For Assembly Republican Leader Mike Villines, it’s a throwback to his University days:
"It's just like, you know, finals week in college. Everybody is running around preparing, and everybody’s trying to get their bills out.”
Friday is the deadline for bills to be passed out of the house they originated in. Usually those that don’t make it are dead for the year.
“It’ll be a busy week – we’re going to have to work, you know, 100 bills a day.”
Those will be long days. Just ask veteran Republican Assemblyman Roger Niello:
“I remember one session last year I arrived home and I was walking up to my door and the newspaper boy handed me the newspaper as I walked into the house.”
No surprise, things can get a little testy. Democratic Assemblyman Kevin De Leon has the tough job of managing the flow of bills on the floor:
“Long hours, no food, no rest, and a lot of polarizing issues I think that’s a recipe right for crankiness.”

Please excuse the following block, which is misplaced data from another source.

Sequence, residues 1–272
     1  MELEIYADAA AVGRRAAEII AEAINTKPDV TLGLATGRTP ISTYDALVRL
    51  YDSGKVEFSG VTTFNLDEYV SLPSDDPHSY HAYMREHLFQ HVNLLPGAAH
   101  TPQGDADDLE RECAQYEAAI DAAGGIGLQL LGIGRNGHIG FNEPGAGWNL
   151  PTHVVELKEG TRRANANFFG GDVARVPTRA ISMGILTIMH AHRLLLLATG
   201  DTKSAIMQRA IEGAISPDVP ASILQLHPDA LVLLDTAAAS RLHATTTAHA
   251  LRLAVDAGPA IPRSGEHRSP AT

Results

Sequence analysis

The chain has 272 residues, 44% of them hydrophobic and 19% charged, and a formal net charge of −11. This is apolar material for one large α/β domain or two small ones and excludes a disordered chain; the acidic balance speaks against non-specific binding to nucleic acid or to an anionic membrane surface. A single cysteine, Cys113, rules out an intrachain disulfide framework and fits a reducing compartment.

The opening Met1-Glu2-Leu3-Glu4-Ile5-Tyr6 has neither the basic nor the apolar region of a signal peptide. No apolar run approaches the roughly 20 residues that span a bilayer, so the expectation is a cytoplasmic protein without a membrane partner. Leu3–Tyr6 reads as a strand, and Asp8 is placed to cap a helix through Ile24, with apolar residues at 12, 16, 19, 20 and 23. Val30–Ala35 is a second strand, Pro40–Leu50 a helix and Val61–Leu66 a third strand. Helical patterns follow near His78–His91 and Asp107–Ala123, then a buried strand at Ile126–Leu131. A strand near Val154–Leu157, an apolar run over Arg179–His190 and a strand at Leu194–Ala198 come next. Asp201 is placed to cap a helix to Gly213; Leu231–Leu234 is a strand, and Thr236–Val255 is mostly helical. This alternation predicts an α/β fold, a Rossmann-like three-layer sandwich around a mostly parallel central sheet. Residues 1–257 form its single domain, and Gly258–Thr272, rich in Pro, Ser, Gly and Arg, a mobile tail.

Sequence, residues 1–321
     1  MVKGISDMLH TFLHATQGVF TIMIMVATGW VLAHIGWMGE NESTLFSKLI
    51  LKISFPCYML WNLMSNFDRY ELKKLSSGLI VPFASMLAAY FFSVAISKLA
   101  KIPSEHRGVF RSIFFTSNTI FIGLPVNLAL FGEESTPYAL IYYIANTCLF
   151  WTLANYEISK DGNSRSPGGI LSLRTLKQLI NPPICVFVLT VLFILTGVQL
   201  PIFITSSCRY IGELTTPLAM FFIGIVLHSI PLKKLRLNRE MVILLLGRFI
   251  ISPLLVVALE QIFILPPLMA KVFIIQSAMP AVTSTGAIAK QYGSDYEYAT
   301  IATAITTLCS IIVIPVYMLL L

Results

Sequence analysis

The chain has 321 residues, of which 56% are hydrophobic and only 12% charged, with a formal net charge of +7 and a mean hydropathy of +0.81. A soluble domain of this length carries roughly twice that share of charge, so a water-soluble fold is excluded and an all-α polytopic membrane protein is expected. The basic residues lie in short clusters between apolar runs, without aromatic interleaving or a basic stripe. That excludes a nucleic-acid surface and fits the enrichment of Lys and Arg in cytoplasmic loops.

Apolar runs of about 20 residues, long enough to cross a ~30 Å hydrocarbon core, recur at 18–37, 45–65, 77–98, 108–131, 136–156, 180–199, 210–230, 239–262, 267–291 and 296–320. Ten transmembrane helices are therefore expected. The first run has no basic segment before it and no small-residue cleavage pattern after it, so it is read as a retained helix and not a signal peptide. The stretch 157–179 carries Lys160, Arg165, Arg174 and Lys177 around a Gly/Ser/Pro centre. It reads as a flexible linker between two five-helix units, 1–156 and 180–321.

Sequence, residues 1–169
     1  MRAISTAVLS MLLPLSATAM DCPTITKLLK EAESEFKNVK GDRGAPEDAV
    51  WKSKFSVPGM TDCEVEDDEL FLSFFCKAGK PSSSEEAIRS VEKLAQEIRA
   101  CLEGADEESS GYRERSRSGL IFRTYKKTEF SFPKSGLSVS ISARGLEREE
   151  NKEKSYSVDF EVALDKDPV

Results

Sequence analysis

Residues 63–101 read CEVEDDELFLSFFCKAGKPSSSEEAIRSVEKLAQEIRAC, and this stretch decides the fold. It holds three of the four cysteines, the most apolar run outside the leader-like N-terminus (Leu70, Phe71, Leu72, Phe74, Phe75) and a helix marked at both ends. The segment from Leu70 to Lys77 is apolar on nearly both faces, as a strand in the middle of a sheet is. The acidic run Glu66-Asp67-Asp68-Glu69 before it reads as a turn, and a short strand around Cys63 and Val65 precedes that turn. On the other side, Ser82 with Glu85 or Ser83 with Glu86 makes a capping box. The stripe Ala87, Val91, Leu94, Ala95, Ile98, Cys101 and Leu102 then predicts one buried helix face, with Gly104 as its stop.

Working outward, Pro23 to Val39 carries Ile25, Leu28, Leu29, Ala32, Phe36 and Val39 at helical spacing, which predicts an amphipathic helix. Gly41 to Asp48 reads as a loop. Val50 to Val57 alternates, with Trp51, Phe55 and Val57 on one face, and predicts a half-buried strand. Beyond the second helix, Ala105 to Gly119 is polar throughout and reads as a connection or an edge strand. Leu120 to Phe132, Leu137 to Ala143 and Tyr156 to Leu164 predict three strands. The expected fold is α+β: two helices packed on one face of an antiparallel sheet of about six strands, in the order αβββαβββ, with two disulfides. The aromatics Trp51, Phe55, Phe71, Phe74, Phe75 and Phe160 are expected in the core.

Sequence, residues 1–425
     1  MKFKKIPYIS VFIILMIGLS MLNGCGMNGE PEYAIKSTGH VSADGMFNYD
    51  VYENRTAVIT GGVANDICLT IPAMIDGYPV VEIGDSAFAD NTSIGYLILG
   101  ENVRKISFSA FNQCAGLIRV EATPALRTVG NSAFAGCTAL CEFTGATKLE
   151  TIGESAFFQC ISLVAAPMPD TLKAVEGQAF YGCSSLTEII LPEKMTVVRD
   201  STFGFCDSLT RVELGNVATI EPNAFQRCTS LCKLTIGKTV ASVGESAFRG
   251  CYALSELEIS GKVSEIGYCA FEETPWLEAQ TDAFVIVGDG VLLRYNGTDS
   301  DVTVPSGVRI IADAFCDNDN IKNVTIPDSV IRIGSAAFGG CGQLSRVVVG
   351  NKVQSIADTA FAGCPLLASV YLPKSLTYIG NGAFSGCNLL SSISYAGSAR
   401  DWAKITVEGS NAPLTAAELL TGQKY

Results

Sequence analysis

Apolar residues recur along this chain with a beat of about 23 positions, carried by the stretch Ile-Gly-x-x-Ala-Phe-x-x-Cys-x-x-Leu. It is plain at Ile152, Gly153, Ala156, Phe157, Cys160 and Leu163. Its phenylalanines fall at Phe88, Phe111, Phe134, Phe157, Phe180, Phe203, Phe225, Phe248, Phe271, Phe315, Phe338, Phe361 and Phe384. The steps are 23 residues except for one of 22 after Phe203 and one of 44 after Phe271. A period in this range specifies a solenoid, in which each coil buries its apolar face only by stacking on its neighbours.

It may be a lot like finals week – but Republican Assemblyman Rick Keene says sometimes he feels like one of the few who’s done the homework:
“You know, it would be nice if people did their work a little bit ahead of time, instead of waiting for 500 bills all in one week. That obviously cuts down on people’s ability to debate and deliberate on the issues.”
He says two or three weeks would make more sense when such weighty policy matters ranging from taxes to healthcare to same sex marriage are being decided. But despite the challenges, Assembly Republican leader Villines says the week will also present lawmakers with an opportunity to show they can do their jobs:
“This gives us a chance to show that we can be adults, work together – we have strong disagreements, but Democrats and republicans can get together and do the people’s business.”
After Friday’s deadline, bills that make it though will start the process all over again in the other house.